Monday, February 6, 2012

Dusseldorf Exhibition

Blog reader Christoph Heuer visited an exhibition of paintings from the Düsseldorf Academy that recently closed at the Museum Kunstpalast in Düsseldorf, Germany. In an email he described the show to me, and it was so interesting that I asked if he'd be willing to share it with GurneyJourney readers. So here is Christoph's report:

"The exhibition covered the history of the Düsseldorf Academy of Arts from 1819 until 1919 and how it influenced the artists in many other parts of the world. It concentrated heavily on the times of Wilhelm von Schadow who led the academy from 1826 to his death in 1862.

"He built up a system of teaching, marketing and selling that was unprecedented in Germany and also shows the growing wealth of the citizens on the lower Rhine at the time. What impressed me most were the huge formats of many of the paintings, that seemed to be like a cinema before the invention of the rolling camera.  

(Above: Schirmer, Das Wetterhorn) "What surprised me at first was the fact how much influence the renaissance painters had on the early years of the academy (well, the so called Düsseldorf school of painting was heavily based in the Nazarene movement). The biggest painting in that section was a tryptich "Purgatory-Paradise-Hell" that was was painted by v. Schadow and his students.  Another one that was equally impressive was by Eduard Bendemann 'The Deportation of the Jews into the Babylonic Captivity.' 

"One highlight in that section was the Emanuel Leutze painting "Conquest of the Teocalli Temple by Cortez and his troops" from 1848 (above). This painting  also paved the way for a new way of dramatized historical paintings without a religious content that probably is best rendered in Leutze's painting of "Washington crossing the Delaware." Though it is regarded as a unique piece of art, it was shown that "crossing the river" was a very popular subject in paintings of the Düsseldorf that was ultimately exported" to Scandinavia by students who came from the North to study in Düsseldorf.

"Many paintings shown were also based on the "genre pictures" of the Dutch and Flemish artists of the "Golden Age". I knew some of the paintings from Hasenclever whereas those of Adolph Schroedter were very new to me. They can well be regarded as the forerunners of both Carl Spitzweg and the Comic Book Artists like Wilhelm Busch. And it was also made clear that one of the main achievements of the School was to alter the content of the role models into more modern ways. Especially the depiction of the father of a family as less patriarchal, more caring, and being vulnerable.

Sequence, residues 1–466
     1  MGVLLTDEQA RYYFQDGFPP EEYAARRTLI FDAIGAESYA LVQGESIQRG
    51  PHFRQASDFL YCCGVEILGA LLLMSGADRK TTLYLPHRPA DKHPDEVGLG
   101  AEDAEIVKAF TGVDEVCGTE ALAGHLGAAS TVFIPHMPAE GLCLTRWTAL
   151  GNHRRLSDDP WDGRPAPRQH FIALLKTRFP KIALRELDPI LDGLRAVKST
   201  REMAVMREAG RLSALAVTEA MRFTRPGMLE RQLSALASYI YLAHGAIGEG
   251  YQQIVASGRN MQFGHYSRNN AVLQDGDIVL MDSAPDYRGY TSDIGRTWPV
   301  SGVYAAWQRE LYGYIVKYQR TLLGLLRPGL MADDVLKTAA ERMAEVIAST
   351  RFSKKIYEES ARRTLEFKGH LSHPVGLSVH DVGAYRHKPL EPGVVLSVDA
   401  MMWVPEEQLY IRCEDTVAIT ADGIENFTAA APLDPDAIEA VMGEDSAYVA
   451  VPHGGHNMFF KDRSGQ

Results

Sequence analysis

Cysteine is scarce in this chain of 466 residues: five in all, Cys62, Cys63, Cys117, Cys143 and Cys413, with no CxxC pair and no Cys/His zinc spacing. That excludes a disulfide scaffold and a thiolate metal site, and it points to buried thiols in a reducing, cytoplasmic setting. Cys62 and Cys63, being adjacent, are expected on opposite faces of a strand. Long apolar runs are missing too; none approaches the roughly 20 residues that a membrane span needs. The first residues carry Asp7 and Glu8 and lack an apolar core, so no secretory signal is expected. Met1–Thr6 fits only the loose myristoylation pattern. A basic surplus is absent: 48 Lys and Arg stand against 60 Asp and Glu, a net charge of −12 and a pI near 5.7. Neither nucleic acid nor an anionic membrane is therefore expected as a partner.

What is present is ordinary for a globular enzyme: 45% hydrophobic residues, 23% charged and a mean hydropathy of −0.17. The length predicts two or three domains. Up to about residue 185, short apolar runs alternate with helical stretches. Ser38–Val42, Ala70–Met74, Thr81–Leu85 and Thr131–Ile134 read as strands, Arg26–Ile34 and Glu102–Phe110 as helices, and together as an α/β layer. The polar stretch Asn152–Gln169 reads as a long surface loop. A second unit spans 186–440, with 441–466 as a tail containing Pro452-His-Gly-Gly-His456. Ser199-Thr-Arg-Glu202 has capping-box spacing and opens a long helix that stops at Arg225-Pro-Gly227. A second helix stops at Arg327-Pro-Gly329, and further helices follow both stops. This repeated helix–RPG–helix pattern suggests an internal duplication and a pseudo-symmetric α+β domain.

"Immensely popular were illustrations of Shakespeare tragedies. The painting "Eduard V and his younger brother Richard" had a tremendous effect on the students and produced many variations of the subject. Each was a narrative masterpiece.

"But there was also a movement of depicting the underdog in society that was the shadowy side of the ecological rise of the Germanic states (there was no "Germany" until 1871) and early industrialization. Death was around everywhere and many Artists painted it. I was very much impressed by a painting by Arthur Kampf, that was a bit illustrated like a huge stage, called "The Last Statement". That shows a dying man making a last statement to a policeman. 

"But also one rather small image by Otto Heichert "Mourners at a deathbed".

(Above: Johan Fredrik Eckersberg) 
"A large part of the exhibition was dedicated to the landscape painters and their development from Romanticism to Realism that was estalbished by Carl Friedrich Lessing, the Achenbach Brothers and Arnold Böcklin. Probably it was this part of the Painting School was most well known internationally. There were fantastic landscapes from Scandinavia and the United States on display.